Do not worry about tomorrow (Matthew 6:34)

In a few weeks time, I will be stepping down from my role as the Coordinator for Horsham Churches Together. I’ve done this job for just a couple of years. There have been challenges, but I’ve met and worked with some wonderful people and it’s been an incredible privilege to serve local Churches and Christian leaders in this way.

Moving on undoubtedly brings me closer to retirement. That feels like a big thing for me. I don’t feel ready to retire, and I have very mixed feelings about stepping down, but in my heart, I know it is the right thing for me to do.

Last night, I went to a worship and prayer service which brings together people from many of the 31 Horsham congregations.

As I walked to the meeting I was reflecting on my role with and my small contribution to the life of Horsham Churches Together over the last couple of years. Those mixed feelings rose again in my mind. Who is going to take over? What will it look like without me? How’s it going to work?

Then, as I walked up North Street, past the Old Council Offices, God spoke. ‘This story,’ He said, ‘is about me, not about you.’ There was a gentleness to these words, yet a profound directness. Stop worrying about the next stage of the story for HCT. It seemed to say, the future of HCT is part of God’s story. Not mine.

Later, at the service, I found myself praying on my own to one side of the auditorium. I was prayerfully reflecting on my own career – my own story. I have done many jobs – paid and voluntary. If a book were written about my life, I thought, each of them would be a chapter in my story. I have so often been deeply conscious of His presence at so many important points in my life. The start, and the closure, of each chapter has invariably involved a sense of His direction and leading. So, I found myself prayerfully asking God what was next for me. In an instant, in my mind, was the phrase ‘How much better will it be if you let me write the next chapter.’

“6 Do not be anxious about anything, but in everything by prayer and supplication with thanksgiving let your requests be made known to God” Philippians 4:6-7 (NRSV)

“6 Do not be anxious about anything, but in everything by prayer and supplication with thanksgiving let your requests be made known to God” Philippians 4:6-7 (NRSV)

A man with the power of God: Mark 1:29-31

Three verses. Four sentences. So much going on!

29 As soon as they left the synagogue, they went with James and John to the home of Simon and Andrew. 30Simon’s mother in law was in bed with a fever, and they immediately told Jesus about her.

Here’s a reason to read and reflect on a few verses at a time. I have read these verses so many times, but there is so much here that I hadn’t noticed before.

First, Mark gives us such a simple, yet such a profound image. Jesus, leaving the synagogue and just walking up the street with a small group of friends. It’s an ordinary, authentic moment. Here is Jesus, Son of God, Lord of Creation – wandering up the street with a bunch of mates. In those few words, you are confronted by the absolute humanity of Jesus.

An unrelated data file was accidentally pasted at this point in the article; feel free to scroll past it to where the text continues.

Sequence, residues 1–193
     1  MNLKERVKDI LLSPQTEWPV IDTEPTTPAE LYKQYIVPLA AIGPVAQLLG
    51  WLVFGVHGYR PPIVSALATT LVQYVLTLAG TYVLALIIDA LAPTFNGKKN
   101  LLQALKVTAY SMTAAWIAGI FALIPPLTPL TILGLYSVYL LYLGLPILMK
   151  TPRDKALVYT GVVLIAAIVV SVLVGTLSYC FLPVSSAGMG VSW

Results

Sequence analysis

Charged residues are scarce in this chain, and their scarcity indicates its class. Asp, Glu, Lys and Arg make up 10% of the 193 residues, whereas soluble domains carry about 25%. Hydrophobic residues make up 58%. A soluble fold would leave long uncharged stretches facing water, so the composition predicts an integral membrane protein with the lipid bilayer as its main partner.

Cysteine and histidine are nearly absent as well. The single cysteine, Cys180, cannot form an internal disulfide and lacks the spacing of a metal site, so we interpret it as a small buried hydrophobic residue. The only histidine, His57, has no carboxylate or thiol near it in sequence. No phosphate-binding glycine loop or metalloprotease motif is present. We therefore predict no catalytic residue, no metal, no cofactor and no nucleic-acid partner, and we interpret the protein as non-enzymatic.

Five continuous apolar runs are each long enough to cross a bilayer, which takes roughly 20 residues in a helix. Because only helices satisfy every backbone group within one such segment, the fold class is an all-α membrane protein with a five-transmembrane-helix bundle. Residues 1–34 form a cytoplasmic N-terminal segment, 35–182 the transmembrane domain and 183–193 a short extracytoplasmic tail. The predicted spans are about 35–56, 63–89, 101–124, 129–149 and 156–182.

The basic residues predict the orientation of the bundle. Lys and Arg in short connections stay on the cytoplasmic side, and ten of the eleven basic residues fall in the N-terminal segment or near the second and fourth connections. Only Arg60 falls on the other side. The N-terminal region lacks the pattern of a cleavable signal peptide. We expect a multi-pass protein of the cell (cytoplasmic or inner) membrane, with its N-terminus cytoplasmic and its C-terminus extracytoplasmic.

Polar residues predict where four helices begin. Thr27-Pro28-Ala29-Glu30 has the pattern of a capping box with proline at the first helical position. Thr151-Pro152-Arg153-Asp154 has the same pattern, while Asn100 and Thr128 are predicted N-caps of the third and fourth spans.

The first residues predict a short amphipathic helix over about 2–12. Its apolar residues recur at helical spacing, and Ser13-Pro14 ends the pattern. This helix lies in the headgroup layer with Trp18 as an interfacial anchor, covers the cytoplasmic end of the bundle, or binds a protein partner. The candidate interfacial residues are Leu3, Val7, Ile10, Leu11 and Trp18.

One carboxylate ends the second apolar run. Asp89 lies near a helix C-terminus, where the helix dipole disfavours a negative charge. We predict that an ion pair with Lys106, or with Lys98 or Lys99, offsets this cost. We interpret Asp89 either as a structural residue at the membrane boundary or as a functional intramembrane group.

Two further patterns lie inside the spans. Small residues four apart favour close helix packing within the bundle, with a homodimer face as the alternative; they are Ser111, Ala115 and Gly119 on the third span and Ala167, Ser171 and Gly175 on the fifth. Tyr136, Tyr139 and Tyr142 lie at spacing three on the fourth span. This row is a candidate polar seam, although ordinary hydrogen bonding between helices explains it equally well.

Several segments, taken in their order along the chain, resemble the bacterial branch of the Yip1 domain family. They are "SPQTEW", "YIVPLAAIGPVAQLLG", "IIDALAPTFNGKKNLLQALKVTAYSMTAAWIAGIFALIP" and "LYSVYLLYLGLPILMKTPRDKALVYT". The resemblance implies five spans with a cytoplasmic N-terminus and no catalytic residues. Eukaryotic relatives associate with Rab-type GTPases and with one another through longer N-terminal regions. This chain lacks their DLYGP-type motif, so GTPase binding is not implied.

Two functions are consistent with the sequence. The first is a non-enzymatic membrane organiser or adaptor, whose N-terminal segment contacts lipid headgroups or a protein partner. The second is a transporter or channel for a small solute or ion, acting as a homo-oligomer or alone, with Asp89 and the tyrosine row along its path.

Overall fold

Next we learn about this household, living together in one or two rooms. Simon and his brother Andrew share the house. This is their family home. It is likely that they group up in this place with their fisherman father Jonah (i). Simon is married, and (as would have been entirely normal) shared his home with other family members including, not just his brother Andrew, but his wife’s mother. This is not life changing stuff, but it’s a glimpse into the life of these young fishermen.

Simon’s mother in law is sick. She has a fever. There is no health service. No paracetamol. No antibiotics. A fever is serious. The lady is very sick. It’s natural that when a visitor arrives at the house, that they would be told about the suffering of the woman at the heart of the household.

31So he went to he, took her by the hand and helped her up. The fever left her and she began to wait on them.

I recently suffered a bout of Covid. Several weeks after the infection I still have some lingering symptoms. The idea of leaping out of bed at the height of the infection and getting straight back to work sounds like some kind of medieval torture. Make it a sick woman, being turned out of bed to serve the men and it smacks of abuse or even slavery. But something very different is going on here.

Jesus, the man, moved by compassion for a sick woman in the household of a friend. Jesus,   taking her by the hand – offering the healing touch with the power of God.  In that instant, at His touch,  the fever is gone. This lady doesn’t just feel a bit better – she is healed. She is cured. No lingering symptoms here. In an instant, her health is fully restored. Absolute healing.

Right next to an image of the true humanity of Jesus, here is an image of the supernatural and generous healing power of the Son of God. The very healing power of God. Jehovah-Rapha (ii).

Her immediate return to work doesn’t reflect some kind of prematurely forcing back into service. It demonstrates her complete healing. It shows her readiness to step straight back into her cherished role of providing hospitality to her guests. Her desire to serve Jesus is a reflection of her gratitude for his grace.

Jesus, in his humanity. Jesus, with the power of healing. A woman, responding to the encountered with His grace.

Three verses. Four sentences. So much going on!

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(i) See Matthew 16:17,
(ii)Jehovah Rapha (more correctly Yahweh Rapha) is a name attributed to God in Jewish tradition, which means ‘The God who Heals’